Highland Clearances Influence Composer

Robert Aitken's new soundtrack 'Kildonan'

Robert Aitken’s new soundtrack ‘Kildonan’

A new soundtrack by a Scottish composer has been influenced by the infamous Highland Clearances of the 18th and 19th Centuries. Kildonan, the latest work by Sutherland based composer Robert Aitken, draws on traditional, contemporary and classical styles to create an album that evokes the forced eviction of people from their lands.

During the industrial revolution, landowners in Scotland sought to make more capital by shipping people out and making way for shooting estates and large industrialised deer and sheep farms. Tracks on the soundtrack include Last Footsteps of Home which tells the story of a young girl on her way to an emigrant ship that lies in wait, and Red River Rant, a tribute to a piper on board an emigrant ship bound for Canada.

Aitken, who was born and brought up in Brora in Sutherland, said: “My aim is to drop the listener into a particular point in time and experience the life-story of a situation. I want the music to be felt rather than just heard. With Kildonan it was also important to examine the big themes of life, then and now – to connect the past with our present in what I do not see as time immemorial, but the ever moving cycle of life as time orbital.”

The soundtrack has received praise from Emmy-winning documentary producer Guy Perotta who called Kildonan a breath of fresh air. “Kildonan is very different from what is found in some works involving Scottish history, which sometimes resorts to what seems like a stereotypical take on what the music ought to sound like.”

Songs from the soundtrack feature on an app released in 2012 to mark the 200th anniversary of clearances in the Strath of Kildonan. Musuems Without Walls: Scotland’s Clearances Trail App uses GPS navigation, archival information and new media to guide users around important clearance sites, bringing the area’s history alive.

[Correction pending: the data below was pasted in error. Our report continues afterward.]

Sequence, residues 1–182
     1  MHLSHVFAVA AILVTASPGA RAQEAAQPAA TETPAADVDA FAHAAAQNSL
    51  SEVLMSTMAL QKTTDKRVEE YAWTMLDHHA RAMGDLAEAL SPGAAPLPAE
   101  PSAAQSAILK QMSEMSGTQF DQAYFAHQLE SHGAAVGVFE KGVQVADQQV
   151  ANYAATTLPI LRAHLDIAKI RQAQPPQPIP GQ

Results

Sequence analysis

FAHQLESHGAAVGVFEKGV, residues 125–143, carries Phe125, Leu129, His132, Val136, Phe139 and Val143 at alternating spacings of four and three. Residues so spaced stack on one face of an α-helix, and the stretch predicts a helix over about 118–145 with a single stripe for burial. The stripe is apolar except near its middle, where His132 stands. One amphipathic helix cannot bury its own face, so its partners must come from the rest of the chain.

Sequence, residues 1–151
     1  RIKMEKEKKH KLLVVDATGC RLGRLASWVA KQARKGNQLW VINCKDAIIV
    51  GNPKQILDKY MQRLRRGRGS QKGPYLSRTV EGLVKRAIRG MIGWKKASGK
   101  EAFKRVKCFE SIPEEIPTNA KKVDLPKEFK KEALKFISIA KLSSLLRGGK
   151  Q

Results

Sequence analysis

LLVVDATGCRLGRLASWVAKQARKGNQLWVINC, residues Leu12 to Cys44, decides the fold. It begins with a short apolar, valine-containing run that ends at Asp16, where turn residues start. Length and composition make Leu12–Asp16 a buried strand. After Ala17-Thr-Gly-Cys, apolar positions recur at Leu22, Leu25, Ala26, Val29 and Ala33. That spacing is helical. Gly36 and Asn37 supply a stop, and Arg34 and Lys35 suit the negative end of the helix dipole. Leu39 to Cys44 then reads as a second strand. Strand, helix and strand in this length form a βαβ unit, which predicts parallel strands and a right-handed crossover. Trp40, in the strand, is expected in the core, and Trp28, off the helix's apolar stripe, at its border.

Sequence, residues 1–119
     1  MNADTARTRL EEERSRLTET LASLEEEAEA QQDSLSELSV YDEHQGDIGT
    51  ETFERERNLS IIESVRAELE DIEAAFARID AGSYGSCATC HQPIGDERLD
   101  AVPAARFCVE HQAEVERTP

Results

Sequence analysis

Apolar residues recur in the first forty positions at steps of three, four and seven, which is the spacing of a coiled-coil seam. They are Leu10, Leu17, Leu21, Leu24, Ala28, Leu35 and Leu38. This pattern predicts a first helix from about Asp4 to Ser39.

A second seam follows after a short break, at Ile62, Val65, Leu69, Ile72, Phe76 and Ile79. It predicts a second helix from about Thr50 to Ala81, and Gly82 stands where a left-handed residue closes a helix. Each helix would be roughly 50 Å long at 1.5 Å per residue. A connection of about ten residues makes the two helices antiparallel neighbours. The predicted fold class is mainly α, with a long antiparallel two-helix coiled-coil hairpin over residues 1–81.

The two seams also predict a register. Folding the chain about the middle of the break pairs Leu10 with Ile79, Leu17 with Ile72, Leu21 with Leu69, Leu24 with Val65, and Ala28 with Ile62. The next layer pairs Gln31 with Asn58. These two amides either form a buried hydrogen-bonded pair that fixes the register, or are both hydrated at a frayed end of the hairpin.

Several of the evicted Kildonan families sailed to Hudson Bay, in north east Canada, where they were forced to build their own shelters to protect themselves against severe winter conditions. The following spring, they set off on foot for the Red River Settlement around Lake Winnipeg in Canada where Scottish aristocrat, the Earl of Selkirk, had promised them land. Many made the 100 mile (161km) journey in handmade snowshoes.

Among the travelers was Catherine McPherson, who nursed the sick after typhoid broke out aboard ship on the journey from Scotland to Canada. She also survived a severe flood that carried away her log-built home. Her story is told in the app.

The soundtrack is available for purchase on Spotify, iTunes and Amazon.


About Nadine Lee

Originally from New Zealand, Nadine is a documentary researcher now based in the north east of Scotland.

View all posts by Nadine Lee →

Related Posts

2 thoughts on “Highland Clearances Influence Composer

  1. Tsu Dho Nimh

    There is a book – one of the ancestor-worshipping sort – it’s called “The Men of Kildonan”. Despite being called a “romance”, it’s non-fiction.

    If you sift out all the blather and most of the skite you have some good detail about the stay at Hudson Bay (near Churchill), the route they took to get to the Red River, and some of the early events.

    What my mom the geneaologist could cross check with other records was accurate, and what another geneaologist checked against his own records was also accurate. He was amused to be descended from the low-life Irish the fine upstanding Scots author ranted about.

    I’m descended from the Selkirk Scots*, plus the shiftless French and untrustworthy Indians of that area.


    *(Clan MacBeth, Sutherland, Campbell and McDonald


Leave a Reply

Your email address will not be published. Required fields are marked *

You may use these HTML tags and attributes: <a href="" title=""> <abbr title=""> <acronym title=""> <b> <blockquote cite=""> <cite> <code> <del datetime=""> <em> <i> <q cite=""> <strike> <strong>